PETA, the Animal Legal Defense Fund, and other plaintiffs in
a lawsuit challenging the illegal exclusion of Lolita—an orca captured as a calf in 1970 who has since been held captive and forced to
perform at the Miami Seaquarium—from protection under the Endangered Species
Act (ESA) are appealing to the U.S. Court of Appeals for the Ninth Circuit
following a lower-court dismissal earlier this month. 


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Orcas are members of the dolphin family. They are also the largest
animals held in captivity. In the wild, orcas stay with their mothers
for life.

In It to Win It for Lonely
Lolita

Without explanation, the National Marine Fisheries Service
(NMFS) excluded Lolita when it classified the southern resident orca population
as endangered, giving it protection from being harmed or harassed under the
ESA. Lolita has been without an orca companion since 1980 and lives in a much too
small tank that doesn’t even meet minimal federal standards.

Both the federal government and the Seaquarium filed motions
to dismiss the suit brought against NMFS for excluding Lolita from the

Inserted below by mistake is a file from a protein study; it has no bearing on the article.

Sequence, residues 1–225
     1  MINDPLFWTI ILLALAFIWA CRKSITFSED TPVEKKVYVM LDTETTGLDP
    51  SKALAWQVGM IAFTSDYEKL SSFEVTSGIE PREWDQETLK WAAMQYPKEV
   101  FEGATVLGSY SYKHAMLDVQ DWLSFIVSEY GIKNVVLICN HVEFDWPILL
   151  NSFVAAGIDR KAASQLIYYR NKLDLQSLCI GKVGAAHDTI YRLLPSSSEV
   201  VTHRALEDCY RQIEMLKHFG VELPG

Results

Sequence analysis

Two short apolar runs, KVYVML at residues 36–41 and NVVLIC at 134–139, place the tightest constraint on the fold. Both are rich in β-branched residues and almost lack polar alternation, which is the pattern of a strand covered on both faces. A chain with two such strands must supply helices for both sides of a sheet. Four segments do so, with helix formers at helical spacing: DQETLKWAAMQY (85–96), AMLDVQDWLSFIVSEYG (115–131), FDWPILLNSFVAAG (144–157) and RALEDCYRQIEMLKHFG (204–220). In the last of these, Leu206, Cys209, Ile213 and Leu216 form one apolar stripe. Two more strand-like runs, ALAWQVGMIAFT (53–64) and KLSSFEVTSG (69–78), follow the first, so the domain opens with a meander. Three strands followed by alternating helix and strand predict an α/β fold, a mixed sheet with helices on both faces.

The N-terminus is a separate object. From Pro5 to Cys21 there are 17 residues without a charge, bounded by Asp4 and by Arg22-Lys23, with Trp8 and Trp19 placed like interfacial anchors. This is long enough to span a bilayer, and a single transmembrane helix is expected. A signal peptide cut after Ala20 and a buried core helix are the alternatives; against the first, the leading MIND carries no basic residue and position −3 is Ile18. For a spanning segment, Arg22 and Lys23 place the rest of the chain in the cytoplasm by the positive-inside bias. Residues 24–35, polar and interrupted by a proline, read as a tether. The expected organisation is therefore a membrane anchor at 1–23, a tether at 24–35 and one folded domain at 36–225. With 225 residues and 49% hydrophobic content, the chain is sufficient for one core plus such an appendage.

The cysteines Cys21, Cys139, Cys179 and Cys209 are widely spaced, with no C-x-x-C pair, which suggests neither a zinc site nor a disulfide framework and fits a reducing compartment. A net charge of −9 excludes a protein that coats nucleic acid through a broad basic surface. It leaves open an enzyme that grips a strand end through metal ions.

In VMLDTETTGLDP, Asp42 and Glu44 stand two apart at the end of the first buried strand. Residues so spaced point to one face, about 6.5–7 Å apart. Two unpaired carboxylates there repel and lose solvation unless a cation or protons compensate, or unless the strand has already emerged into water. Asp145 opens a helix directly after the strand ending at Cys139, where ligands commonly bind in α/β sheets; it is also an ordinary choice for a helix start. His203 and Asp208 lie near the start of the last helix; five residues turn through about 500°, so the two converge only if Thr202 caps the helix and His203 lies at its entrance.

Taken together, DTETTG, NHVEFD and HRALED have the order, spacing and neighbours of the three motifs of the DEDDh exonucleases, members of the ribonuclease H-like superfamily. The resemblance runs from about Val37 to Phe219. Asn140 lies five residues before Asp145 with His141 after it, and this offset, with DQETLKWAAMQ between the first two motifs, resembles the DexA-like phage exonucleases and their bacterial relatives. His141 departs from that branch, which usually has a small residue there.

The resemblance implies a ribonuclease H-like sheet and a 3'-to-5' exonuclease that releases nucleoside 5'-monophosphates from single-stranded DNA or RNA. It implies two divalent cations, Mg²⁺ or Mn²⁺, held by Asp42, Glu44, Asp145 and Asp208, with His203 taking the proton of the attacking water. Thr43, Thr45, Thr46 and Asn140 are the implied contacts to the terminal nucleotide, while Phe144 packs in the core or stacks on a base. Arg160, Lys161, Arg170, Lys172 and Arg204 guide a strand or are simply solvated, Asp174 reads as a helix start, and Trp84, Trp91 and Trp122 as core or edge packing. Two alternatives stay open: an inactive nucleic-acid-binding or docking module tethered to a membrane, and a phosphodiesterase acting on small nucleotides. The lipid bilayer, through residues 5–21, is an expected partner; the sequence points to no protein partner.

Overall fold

endangered listing, and the lower-court judge ruled in their favor on technical grounds—despite the fact that all necessary procedures were carefully followed—without reaching
the merits of the case. But Lolita deserves her day in court, and PETA won’t
rest until she’s released into a seaside sanctuary in her home waters.

How You Can Help
Lolita and Other Captive Animals

Please send
a polite e-mail
to Eric C. Schwaab, NMFS assistant administrator for fisheries, urging the
agency to protect Lolita under the ESA. (Plus, of course, never ever buy a ticket to a marine park, an aquarium, or any other captive-animal
attraction
.)

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Article source: PETA Files

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